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Managing Distracted Driving within the Construction Industry

An increase in technological advances and seemingly not enough hours in the day, make managing distracted driving within the construction industry a transportation priority.

Distracted Driving

When it comes to the topic of distracted driving, it affects everyone on the road. Society is in such a rush and has so much on their plate these days, both in their personal and professional lives, they tend to look to driving as an additional time management solution.

Yes! You read that correctly. Driving is now considered an opportunity to multi-task your time. Who knew?

Texting, talking, and managing our daily work schedules are being done while in transit, via: cell phone, PDA, GPS systems, laptops, and other communication devices. This is not the safest or smartest way to get your job done.

Distracted driving has become way of life for millions of occupational drivers around the world.

Occupational drivers in the construction industry must meet stringent, project delivery times. In an effort to be efficient, they’re checking: maps, GPS systems, and other dispatch & communication devices, while en-route, to ensure a prompt, timely arrival.

While these tasks are important to getting your job done in a timely manner, they are dangerous.

Any company managing a fleet of vehicles and equipment within the construction industry should have distracted driving policies and solutions for it in place.

Construction Industry
Occupational Drivers in the Construction Industry

“An occupational driver is defined as someone who drives at least once per week for occupational purposes.” (Hickman, 2011)

Occupational drivers in the construction industry are responsible for driving to and from work/job sites transporting: work crews, delivering tools and equipment, surveying project sites, and more.

Are we shocked when we see a construction worker driving down the road, while talking on a walkie-talkie, cell phone, or other dispatch device? Not really!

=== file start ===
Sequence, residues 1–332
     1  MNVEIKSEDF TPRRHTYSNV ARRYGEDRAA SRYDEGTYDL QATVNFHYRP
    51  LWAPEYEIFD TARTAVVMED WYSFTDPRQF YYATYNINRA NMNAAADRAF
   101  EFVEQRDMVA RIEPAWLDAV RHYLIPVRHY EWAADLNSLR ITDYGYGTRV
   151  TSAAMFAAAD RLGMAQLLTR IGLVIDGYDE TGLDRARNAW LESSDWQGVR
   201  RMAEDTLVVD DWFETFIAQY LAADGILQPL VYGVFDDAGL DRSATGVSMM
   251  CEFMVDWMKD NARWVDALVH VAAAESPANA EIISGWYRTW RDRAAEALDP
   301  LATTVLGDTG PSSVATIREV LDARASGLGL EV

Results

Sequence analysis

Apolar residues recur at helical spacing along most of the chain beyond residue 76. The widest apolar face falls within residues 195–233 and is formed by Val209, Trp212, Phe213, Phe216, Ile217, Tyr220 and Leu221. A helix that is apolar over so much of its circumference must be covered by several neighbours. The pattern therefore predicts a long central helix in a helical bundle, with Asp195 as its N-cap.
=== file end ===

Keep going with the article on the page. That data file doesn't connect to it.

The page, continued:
In our rushed society, this has become acceptable behavior. After all, everybody does it right?

5 minutes here and a few seconds there, appear to be harmless time spent managing time during their day.

Sadly, this can mean the difference between life and an unexpected accident.

“31% of Industrial, Highway & Heavy Engineering, and General Contracting companies report they have been sued due to distracted driving incidents.” (ZoomSafer, 2011)

Though this number seems minimal, take into consideration that, “45% of Real Estate Developer/Contractor/Builders report having no distracted driving policies in place.” (ZoomSafer, 2011)

Without a policy or solution in place to manage your occupational drivers, there is increased opportunity for financial and legal risk to the company. This negatively impacts the job of risk managers and CFO’s, as it directly affects a company’s bottom line.

Implementing a GPS System and Policies for Distracted Driving

More than 60% of construction industry companies have implemented some type of policy to reduce distracted driving.

Companies like Pike Industries in Barre, Vermont have established fleet safety programs to reduce distracted driving. “One major benefit has been reducing the number of Workers’ compensation claims for vehicle incidents from 73% of total losses in 2001 to 2% for 2003. Vehicle property damage losses also followed this trend.” (Guidelines for employers,”)

Implementing a solution to deter distracted driving within your organization is simple following the 10 step program provided by the NETS Traffic Safety Primer  listed above.

For more data driving results implementing the use of a customized GPS system from GTC, Inc. will benefit your company greatly.

Occupational drivers operating vehicles implemented with GPS tracking systems are known to take additional precautions when driving, because they know their movements are being monitored.

Let’s face it, time is money and everyone is looking to save more of both. The construction industry is major business. Maintaining safe driving practices are important to the company bottom line, whether you are a CFO or a fleet manager.

Implementing company policies to specifically manage instances of distracted driving are a way to stand out ahead of your company’s competition.

Solutions, such as GPS systems, provide real-time data to increase driver safety through reports and alerts on driver activity.

The difference between implementing distracted driving policies and solutions and not doing so, means the difference between spending or saving hundreds of thousands of dollars annually.

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